One day after his re-election President Obama ordered yet another drone strike in Yemen, killing an alleged al-Qaeda operative. In the process, our nation's moral standing in the world was further downgraded.
Family members of the man killed are outraged and bewildered, wondering why their loved one was sentenced to death from above, rather than arrested and put on trial. They say that while Adnan al-Qadhi may have held an extremist ideology and may have lent some low-level support to al-Qaeda, he was not actively engaged in any terrorist activities. Relatives say the drone strike was a complete shock and that al-Qadhi could have easily been arrested, and, had he known he was being targeted, then he would have cooperated with authorities.
The details of this latest drone strike appear to violate the rules of engagement laid out by the President's own counter-terrorism adviser John Brennan, who in April suggested drone strikes are only used when, "A significant threat might be posed by an individual who is an operational leader of al-Qaeda or one of its associated forces" and "capturing the individual is not feasible."
As al-Qadhi's brother told McClatchy news, "We could have made sure he turned himself in. If [he] was guilty of any crime, then arrest him, put him on trial."
The United States used to stand for the rule of law. We used to pride ourselves as the moral beacon for the rest of the world. We didn't summarily execute people without a trial. But those days are long gone, replaced by a semi-covert drone warfare program started by former President George W. Bush and ramped up by President Obama who has his own "kill list" and has ordered the drone execution of American citizens without due process, most notably Anwar al-Awlaki and his 16-year-old son who were blasted away in Yemen in 2011.
Driving this arguably illegal drone warfare program is a poisonous concoction of fear and nationalism.
The post-9/11 epidemic of fear that swept across the nation let Bush and Cheney completely remake America. It happened here at home, with a massive surveillance state and the destruction of civil liberties. And it happened abroad with a drone warfare program that is killing handfuls of terrorists while radicalizing thousands of average citizens. In countries we are not even at war with, people live in constant fear of robots in the sky and watch with horror as these aerial robots create cratered, bloody messes in their communities.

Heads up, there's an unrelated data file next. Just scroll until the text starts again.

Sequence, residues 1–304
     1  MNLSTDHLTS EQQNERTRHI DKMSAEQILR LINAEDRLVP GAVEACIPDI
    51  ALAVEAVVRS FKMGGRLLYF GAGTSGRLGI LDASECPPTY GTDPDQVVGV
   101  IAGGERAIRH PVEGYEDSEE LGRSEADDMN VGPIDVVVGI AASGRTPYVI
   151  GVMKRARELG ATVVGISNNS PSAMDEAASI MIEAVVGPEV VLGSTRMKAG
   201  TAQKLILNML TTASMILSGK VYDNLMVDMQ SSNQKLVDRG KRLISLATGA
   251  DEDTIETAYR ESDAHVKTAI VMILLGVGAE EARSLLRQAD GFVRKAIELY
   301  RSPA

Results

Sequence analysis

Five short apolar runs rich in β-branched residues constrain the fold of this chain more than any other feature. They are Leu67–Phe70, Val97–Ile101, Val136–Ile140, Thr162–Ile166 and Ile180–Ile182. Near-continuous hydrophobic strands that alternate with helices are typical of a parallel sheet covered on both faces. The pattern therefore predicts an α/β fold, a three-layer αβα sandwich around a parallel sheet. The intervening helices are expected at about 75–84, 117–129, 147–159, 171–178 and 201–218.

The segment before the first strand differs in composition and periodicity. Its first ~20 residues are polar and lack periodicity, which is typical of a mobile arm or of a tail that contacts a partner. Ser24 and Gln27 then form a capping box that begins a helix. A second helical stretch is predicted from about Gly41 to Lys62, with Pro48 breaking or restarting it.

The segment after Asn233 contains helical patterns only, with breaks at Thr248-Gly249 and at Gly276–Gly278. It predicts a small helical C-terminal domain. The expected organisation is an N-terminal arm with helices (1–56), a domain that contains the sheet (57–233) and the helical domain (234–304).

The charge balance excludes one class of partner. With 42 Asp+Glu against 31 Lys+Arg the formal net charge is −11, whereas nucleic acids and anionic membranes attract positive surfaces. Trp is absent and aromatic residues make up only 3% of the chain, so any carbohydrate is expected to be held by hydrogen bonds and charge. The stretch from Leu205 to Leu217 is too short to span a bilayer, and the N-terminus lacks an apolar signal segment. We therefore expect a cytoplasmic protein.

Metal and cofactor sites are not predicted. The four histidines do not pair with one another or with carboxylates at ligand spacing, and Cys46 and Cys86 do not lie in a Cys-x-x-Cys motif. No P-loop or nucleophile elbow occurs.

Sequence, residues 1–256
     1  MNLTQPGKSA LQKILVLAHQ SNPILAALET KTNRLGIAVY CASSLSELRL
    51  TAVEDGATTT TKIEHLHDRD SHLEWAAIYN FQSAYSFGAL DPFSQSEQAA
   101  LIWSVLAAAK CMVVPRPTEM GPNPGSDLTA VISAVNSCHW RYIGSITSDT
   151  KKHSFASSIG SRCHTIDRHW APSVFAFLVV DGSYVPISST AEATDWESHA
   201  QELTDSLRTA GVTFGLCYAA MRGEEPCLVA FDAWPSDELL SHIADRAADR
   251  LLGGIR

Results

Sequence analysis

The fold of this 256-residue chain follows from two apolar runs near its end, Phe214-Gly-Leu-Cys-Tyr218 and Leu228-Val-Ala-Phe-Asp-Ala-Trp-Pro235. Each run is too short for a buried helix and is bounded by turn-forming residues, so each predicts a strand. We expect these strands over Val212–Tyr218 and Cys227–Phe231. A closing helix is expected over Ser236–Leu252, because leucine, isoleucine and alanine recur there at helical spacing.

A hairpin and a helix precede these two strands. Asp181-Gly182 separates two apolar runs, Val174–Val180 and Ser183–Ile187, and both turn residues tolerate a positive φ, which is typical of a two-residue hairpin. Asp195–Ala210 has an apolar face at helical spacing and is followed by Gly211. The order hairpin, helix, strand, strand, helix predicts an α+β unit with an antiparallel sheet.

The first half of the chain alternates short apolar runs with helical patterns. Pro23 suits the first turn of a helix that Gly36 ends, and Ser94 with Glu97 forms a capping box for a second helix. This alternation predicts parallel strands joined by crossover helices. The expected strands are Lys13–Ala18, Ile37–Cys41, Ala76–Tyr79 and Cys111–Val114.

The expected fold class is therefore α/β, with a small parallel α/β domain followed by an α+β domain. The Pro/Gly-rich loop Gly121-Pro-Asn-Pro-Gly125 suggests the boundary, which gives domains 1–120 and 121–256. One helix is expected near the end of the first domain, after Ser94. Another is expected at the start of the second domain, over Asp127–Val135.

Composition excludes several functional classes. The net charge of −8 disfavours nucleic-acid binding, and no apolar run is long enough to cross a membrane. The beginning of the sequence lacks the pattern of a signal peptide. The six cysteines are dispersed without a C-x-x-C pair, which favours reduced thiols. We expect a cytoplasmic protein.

When Pakistan's Foreign Minister was asked why so many people in Pakistan hate America, she responded simply, "Drones."
And we're doing all this in the name of stopping terrorism.
But the reality is Americans really don't have much to fear when it comes to terrorism. Every year for the past decade, more people have died from slipping in their bathtubs just here in the United States than have been killed by Islamic terrorists worldwide...which has to be making bathtub manufacturers a little nervous.
But the greatest tragedy in this drone war is how we've forgotten the most basic moral principle of all: the Golden Rule - "Treat others as you wish to be treated." It applies not just to preschoolers but also to global superpowers.
Consider this scenario: the Mexican government receives intelligence that a known narco-terrorist is holed up in a house in Arizona. They fly a drone over downtown Phoenix, fire on the building, completely destroying it and killing their target along with a handful of American civilians. How would we react? Fox so-called News would be calling for a return of the Mexican-American War!
What if a known terrorist affiliated with Basque Separatists was riding in a car down Fifth Avenue in Manhattan, and a Spanish drone flying above the city launched a hell-fire missile - obliterating the car, killing and injuring dozens of nearby civilians, and leaving a giant crater in the middle of a busy Manhattan street. Do you really think Americans would say, "Well, those drone things sure are a nice, tidy way to fight terrorists"?
Drone technology isn't exclusive to the United States. In the not-too-distant future, any nation with a couple million dollars – which is pretty much every nation on earth – can have weaponized drones. And, tragically, by firing drones into a nation that we're not even at war with, we're setting a dangerous moral precedent for the future of drone warfare.
A Washington Post/ABC News poll shows that 83% of Americans support the Bush/Obama drone policy. We can't imagine that one day these same drones might be used against us – by states or by well-funded terrorists simply following our example – or that our policies will probably spark a frenzy of drone wars around the planet. The hysterical fear of terrorists that Bush and Cheney hyped up so badly has caused us to lose touch with the Golden Rule.
America needs to claim the moral high ground and stop – or limit to combat situations – our use of weaponized drones.